Wikimeida Commons

Periodically RNTF posts information drawn from GPS disruption reports sent to the US government and others over the last several years. We endeavor to include enough information to make them helpful to our readers while preserving the anonymity of the reporting parties.

Report Narratives:

≈ 5 days “Dear Sir/Madam, Yesterday, the following message has been received in XXX Helpdesk related to some interference issues in GPS signal reception in TMA in Madrid: Since February the 17th in the afternoon, several airlines have reported problems receiving GPS signal when executing the RNAV-1 SID procedures in both northern and southern runways. The GPS signal’s lost is detected by the airplanes when they reach more than 1000 ft and it is not recovered until the plane is at more than 10000 ft. A flight verification has taken place the 20th, detecting an interference in the 1575.02 MHz frequency and a potential location for the source of it. An interference near that position was discovered thanks to detection ground equipment and it was removed the 22nd. However, more GPS signal’s lost reports have arrived from the pilots after removing the potential source of interference. Please, could your expert team investigate this event and share with us the reason of this inferences as to solve the incident as soon as possible?. Thank you in advance. P.S.: Please, as a reminder, use our XXX-operations email for replying. Kind regards, XXX Helpdesk team. Report Submitted 23 February 2016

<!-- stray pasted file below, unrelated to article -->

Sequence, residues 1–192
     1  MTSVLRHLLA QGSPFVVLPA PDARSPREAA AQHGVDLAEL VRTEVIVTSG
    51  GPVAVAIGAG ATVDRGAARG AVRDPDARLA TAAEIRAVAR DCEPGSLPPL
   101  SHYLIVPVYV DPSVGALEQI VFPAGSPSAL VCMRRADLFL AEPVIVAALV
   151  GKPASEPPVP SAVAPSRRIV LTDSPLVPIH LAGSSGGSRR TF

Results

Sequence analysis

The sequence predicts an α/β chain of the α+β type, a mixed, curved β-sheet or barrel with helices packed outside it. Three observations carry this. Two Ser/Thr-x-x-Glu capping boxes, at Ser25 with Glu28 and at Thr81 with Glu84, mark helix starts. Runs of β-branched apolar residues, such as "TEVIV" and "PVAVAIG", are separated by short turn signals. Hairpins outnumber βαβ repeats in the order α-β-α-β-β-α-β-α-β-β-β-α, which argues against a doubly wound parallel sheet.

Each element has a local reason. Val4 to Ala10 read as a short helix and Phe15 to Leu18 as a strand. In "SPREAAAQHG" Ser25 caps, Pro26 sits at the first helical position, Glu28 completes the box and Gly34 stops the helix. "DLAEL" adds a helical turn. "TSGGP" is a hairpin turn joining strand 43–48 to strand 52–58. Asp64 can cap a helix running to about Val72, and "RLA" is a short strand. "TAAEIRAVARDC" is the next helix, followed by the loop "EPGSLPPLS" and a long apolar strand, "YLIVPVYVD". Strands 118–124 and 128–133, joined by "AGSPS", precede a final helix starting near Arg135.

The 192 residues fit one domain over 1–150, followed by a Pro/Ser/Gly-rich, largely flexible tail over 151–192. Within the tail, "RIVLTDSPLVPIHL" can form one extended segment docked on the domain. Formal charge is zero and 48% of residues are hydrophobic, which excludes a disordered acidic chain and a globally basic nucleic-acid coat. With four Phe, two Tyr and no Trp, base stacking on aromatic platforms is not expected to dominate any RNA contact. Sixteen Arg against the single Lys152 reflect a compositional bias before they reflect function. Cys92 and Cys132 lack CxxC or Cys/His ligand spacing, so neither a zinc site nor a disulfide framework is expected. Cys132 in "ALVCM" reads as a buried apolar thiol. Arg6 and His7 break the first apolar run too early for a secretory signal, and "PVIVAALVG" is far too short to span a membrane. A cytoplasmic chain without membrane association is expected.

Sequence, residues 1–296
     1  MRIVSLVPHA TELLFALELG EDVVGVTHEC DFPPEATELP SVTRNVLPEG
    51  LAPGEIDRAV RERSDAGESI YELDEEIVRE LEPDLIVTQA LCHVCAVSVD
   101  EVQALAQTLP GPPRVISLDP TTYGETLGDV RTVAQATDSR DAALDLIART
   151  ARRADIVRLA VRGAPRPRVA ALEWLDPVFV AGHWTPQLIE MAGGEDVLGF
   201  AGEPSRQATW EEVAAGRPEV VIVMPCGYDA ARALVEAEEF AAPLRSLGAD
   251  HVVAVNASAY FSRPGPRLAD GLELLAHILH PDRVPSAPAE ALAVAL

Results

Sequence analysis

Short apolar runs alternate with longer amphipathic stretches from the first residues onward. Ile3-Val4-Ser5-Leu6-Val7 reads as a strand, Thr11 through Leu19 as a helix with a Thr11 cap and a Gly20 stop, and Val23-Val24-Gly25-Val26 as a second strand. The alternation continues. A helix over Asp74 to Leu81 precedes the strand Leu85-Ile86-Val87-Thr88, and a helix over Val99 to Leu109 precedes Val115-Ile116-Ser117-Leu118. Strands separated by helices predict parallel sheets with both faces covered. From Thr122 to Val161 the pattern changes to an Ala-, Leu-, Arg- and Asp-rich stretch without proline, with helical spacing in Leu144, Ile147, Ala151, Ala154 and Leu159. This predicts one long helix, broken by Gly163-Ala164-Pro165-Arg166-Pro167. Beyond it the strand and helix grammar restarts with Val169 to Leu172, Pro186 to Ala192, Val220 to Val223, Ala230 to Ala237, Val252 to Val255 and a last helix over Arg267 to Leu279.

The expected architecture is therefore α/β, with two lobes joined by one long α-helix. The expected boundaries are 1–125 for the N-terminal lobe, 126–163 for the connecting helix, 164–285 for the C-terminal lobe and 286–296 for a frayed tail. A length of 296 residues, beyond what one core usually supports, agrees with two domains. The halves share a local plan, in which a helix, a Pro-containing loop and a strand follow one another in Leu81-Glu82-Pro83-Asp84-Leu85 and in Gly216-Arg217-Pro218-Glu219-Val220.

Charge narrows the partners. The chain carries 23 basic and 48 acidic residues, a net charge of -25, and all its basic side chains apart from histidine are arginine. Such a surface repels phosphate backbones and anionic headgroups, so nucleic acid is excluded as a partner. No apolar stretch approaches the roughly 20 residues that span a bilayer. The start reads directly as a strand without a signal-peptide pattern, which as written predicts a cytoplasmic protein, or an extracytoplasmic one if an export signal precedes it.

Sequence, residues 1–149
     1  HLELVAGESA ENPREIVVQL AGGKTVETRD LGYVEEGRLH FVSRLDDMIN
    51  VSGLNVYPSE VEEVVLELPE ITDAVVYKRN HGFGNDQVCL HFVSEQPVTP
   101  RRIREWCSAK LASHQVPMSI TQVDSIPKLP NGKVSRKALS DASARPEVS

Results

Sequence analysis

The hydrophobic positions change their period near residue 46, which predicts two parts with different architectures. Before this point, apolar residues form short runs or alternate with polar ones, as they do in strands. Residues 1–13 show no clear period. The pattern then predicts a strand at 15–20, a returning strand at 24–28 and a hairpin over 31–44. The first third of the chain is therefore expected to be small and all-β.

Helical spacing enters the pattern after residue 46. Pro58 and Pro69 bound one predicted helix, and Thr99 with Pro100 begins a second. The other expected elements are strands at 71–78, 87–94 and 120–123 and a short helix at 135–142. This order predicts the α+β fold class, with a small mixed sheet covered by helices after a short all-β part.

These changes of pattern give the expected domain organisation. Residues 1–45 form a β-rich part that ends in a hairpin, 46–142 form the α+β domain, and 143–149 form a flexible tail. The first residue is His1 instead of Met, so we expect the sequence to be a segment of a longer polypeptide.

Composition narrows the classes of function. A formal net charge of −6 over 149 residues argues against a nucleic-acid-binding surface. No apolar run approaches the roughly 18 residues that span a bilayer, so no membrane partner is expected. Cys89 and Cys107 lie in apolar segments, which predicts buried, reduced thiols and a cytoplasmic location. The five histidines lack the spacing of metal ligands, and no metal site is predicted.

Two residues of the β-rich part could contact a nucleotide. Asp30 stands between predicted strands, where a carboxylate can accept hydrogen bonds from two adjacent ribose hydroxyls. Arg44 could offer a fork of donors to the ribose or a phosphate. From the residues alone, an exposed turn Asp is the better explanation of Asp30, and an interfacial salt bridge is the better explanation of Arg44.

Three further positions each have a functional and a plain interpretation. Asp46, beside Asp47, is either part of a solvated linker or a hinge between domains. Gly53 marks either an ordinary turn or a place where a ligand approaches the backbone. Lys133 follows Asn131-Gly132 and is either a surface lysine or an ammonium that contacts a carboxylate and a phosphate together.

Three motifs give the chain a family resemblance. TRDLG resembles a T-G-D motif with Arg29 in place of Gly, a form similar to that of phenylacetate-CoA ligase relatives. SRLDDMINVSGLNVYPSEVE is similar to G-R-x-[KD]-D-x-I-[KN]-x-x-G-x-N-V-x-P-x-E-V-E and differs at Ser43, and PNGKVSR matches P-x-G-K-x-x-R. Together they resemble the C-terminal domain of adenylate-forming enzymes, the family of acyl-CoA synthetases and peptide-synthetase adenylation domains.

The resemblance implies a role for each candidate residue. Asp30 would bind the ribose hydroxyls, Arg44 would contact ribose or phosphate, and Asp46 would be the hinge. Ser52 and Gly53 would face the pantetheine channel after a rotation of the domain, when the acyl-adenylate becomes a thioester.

≈ 35 days “PRN18 has been unusable by all GBAS Landing systems (US, Europe, Asia, Africa, South America) since March 8th, 2016 due to a failure of our Signal Quality Monitor (SQM). This has impacted system availability of the GBAS Landing System across the globe. The FAA has informed us that WAAS has also identified this issue as observed by a sudden jump in range error on PRN18 on March 8.” – Report Submitted 13 April 2016

≈ 30 days “Since the beginning of July 2016 [Airline Name] Airbus A330 aircraft arriving at or departing from, or flying over Manila have been reporting either a “GPS FAULT” condition affecting both GPS receivers (MMR), or engineering monitoring of GPS receiver (MMR) performance has detected that the receiver has been unable to calculate the Autonomous Horizontal Integrity Limit (HIL) value required by FAA TSO-C129a on either GPS receiver. This is known to be an indicator of possible interference of the GPS signal. Note that the number of GPS satellites being track at the time of occurrence is unknown.” Report Submitted 8 August 2016

Unknown “There is a small corridor between the Class Bravo of Phoenix and Class Delta of Chandler airport in Arizona that has a constant loss of GPS signal…In between Chandler, AZ airspace and Stellar Airpark” – Report Submitted 8 February 2017, no resolution date listed

≈ 82 days “The GPS systems in normal mode, not military, have been interrupted since the installation of the Homeland Security Drone command and control system at the North End of our airport. During testing with Homeland Security, the problem has been confirmed to affect both ground and air operations at and within 15 miles South of the airport.” Date of Incident 3 January 2017, Report Submitted 22 March 2017

≈ 1 day “GPS reception was intermittent all day, when receiving a signal location was off by over 1000 feet, this was experienced while driving and while stationary flying multiple drones and lasted most of the day and was very unusual.” 24 June 2017

Blog Editor’s Note: Information for this post was drawn from reports received by the U.S. Coast Guard Navigation Center.